Dear Miles by Jessica A.

The past few months without you have been the best and worst days of my adult life. I made the mistake of making our relationship my identity, and by losing it, I lost myself. I had no idea who I was without you, but I’m discovering her now, and she’s amazing. The journey to get to this point has not been easy, though. I lied to everyone for months after you left. I was terrified of finally letting you go. And if I told my family, it all would have become a part of my reality, I couldn’t go back, and part of me still wanted to stay in the dream I created to survive.

I knew I needed to finally tell my family about you, but this time everything. I had been living a second life for the past eight years protecting you, us. I never wanted to burden others with the weight of my pain, not even my own family. You always made me feel like my emotions were a nuisance. I didn’t feel safe with you, my supposed “other half,” so how could I feel safe with anyone else? I didn’t want people to know I needed help, I didn’t want to look weak. You made me feel like I was weak. You denied me the strength I so desperately begged from you, and I couldn’t find my own, so I relied on you for everything but truly got nothing from you.

The night before my plane ride home, I felt an overwhelming amount of anxiety. My anxiety used to irritate you, remember? You never supported me when I needed you most. You never educated yourself on my mental health conditions; instead, you belittled me for them. And I exhausted myself trying to fix them for you, trying to be perfect for you. I had so many other struggles I was going through alone, but I worried most about losing you. I loved you. We had built a life together regardless of that life’s semantics and significant letdown. I worked for it, I put my everything into creating something you only ever benefited from. Why couldn’t you do the same?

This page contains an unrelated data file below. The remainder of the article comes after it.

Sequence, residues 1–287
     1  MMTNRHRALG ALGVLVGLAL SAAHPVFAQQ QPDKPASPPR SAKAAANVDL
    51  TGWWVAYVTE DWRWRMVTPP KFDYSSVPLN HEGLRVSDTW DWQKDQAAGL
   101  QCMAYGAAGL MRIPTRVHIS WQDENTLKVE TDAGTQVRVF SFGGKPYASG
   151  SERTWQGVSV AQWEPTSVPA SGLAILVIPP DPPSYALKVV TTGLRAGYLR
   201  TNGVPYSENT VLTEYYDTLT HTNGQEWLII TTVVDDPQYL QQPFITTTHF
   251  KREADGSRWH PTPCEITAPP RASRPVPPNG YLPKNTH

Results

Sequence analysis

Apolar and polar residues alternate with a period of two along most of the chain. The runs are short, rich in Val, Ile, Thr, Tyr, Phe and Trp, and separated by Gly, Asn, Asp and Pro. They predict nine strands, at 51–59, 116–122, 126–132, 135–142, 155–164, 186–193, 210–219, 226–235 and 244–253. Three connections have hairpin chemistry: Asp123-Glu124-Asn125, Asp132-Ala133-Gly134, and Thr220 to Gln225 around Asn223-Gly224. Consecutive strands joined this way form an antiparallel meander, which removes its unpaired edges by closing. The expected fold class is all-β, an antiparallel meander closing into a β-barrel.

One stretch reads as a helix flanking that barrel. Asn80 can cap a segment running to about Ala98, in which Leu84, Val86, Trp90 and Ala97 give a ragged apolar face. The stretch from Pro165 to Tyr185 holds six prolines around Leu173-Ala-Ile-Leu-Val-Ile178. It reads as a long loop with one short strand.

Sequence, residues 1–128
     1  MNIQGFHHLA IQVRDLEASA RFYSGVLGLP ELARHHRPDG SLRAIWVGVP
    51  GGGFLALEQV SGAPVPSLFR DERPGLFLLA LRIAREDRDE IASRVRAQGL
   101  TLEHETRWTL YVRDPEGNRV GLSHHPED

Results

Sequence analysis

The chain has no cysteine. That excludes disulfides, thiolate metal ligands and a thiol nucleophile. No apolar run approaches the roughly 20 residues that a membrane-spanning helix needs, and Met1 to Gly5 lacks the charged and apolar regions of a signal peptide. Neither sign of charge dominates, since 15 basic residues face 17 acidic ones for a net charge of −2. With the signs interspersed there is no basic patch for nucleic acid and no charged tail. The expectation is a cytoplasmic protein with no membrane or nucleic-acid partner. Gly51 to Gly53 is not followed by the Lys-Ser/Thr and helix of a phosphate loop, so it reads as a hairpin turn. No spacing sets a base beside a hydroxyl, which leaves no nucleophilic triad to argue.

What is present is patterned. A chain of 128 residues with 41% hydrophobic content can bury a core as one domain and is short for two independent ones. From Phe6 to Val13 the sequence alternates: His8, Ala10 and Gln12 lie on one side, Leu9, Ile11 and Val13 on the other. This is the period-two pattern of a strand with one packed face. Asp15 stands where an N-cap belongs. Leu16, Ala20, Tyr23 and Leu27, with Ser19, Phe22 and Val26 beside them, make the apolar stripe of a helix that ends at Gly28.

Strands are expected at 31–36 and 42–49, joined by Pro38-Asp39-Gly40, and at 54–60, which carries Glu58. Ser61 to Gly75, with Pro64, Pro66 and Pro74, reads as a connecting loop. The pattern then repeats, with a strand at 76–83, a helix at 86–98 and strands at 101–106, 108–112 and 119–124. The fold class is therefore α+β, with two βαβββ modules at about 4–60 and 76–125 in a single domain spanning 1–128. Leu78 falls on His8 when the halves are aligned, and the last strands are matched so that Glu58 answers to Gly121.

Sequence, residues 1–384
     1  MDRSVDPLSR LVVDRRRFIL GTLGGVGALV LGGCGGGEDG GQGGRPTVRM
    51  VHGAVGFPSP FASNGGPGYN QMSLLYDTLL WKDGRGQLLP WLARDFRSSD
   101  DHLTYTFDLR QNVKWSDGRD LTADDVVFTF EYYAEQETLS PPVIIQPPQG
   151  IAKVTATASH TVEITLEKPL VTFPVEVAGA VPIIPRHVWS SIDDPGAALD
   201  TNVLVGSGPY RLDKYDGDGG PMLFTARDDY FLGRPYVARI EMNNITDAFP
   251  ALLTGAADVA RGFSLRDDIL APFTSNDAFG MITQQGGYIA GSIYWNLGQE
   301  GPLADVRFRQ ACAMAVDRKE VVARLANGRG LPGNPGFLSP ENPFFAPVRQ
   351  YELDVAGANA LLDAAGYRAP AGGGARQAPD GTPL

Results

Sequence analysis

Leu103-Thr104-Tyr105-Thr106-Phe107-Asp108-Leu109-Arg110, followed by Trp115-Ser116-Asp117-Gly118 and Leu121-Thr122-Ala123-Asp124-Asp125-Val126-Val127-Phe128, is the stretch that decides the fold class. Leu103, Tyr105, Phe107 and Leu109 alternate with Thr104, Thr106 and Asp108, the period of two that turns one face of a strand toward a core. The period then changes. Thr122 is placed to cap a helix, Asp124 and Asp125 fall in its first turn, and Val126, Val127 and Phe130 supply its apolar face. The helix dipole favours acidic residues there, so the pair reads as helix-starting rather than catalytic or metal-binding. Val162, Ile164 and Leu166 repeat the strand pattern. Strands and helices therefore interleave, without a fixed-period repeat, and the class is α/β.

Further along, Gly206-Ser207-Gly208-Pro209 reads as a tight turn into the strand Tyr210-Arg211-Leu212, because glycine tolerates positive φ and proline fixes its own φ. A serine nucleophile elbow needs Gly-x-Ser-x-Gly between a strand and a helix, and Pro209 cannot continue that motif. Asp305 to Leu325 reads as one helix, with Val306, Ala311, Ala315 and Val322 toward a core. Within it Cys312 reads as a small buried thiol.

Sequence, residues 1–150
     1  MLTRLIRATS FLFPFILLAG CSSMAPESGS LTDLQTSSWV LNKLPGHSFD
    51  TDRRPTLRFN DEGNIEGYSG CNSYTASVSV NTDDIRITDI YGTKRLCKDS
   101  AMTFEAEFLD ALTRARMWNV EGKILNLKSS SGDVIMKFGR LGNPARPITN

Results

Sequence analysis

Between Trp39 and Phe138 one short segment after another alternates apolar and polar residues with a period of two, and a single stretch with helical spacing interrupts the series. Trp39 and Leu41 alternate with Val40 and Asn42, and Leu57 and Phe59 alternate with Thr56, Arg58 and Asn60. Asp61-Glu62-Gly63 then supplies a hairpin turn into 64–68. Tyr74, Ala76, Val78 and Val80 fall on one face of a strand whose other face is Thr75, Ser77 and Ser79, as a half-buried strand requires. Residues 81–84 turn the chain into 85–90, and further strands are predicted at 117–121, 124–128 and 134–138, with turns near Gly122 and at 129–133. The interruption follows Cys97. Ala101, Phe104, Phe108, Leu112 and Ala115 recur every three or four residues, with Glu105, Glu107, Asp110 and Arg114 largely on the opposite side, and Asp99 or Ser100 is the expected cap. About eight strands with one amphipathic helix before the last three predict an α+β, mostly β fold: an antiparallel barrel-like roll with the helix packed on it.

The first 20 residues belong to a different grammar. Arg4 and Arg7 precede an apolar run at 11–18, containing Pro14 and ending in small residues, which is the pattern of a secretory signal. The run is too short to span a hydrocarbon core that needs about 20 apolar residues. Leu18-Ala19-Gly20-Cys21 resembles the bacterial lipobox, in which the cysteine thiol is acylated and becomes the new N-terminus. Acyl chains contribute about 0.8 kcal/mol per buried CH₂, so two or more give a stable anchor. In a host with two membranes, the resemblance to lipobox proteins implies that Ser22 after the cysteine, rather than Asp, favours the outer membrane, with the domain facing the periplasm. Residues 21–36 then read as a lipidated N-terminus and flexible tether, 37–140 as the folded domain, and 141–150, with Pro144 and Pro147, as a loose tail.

On the morning of my flight, I requested an Uber and gave them a heads up that I had Nala with me, but they said they couldn’t take me if I had her. Remember Nala? She was our baby. The puppy I planned on raising our kids around. I know she misses you. Do you miss her, at least?

I requested another Uber and called to confirm that my puppy would be okay with this driver, and they said, yes. We started chatting about his dog, and eventually, he brought up his ex-boyfriend. I then brought up you. It felt safe telling a stranger who didn’t know you. I didn’t feel like I had to water down the truth to protect you. He, too, was once in an abusive relationship. He said life really began for him after he decided to chose himself first. I felt so excited about the idea of finally getting to where he seemed to be: happy without you. You have been breaking me down for years. I can’t remember the last time I was truly happy with you. God switched my Uber. He reminded me life gets better just by meeting this man, that happiness exists without you.

Mom picked me up from the airport. We had an entire hour drive home to her new place. She sold our childhood home—the place you picked me up from on our first date. The home you would visit me in when I was naive and thought the distance was our biggest problem. The place we would laugh and celebrate holidays together in. The place I cried myself to sleep in countless nights because of you. The place you and I had so many memories in is now gone, and so are you.